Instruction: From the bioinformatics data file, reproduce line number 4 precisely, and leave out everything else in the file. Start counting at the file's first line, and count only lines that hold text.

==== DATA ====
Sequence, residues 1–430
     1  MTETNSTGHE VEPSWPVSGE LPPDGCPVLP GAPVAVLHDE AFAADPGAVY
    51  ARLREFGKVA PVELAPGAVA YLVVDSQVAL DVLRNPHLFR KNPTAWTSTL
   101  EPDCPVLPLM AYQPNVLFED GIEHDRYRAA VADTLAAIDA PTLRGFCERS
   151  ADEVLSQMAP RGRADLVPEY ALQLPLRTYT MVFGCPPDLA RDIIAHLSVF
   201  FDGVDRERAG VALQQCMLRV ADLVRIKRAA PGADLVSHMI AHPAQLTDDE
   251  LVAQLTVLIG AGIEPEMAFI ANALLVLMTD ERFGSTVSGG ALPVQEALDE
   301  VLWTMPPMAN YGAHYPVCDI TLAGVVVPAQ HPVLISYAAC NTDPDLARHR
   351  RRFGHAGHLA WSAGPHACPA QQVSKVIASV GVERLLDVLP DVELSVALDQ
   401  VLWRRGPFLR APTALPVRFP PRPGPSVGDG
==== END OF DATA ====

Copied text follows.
   101  EPDCPVLPLM AYQPNVLFED GIEHDRYRAA VADTLAAIDA PTLRGFCERS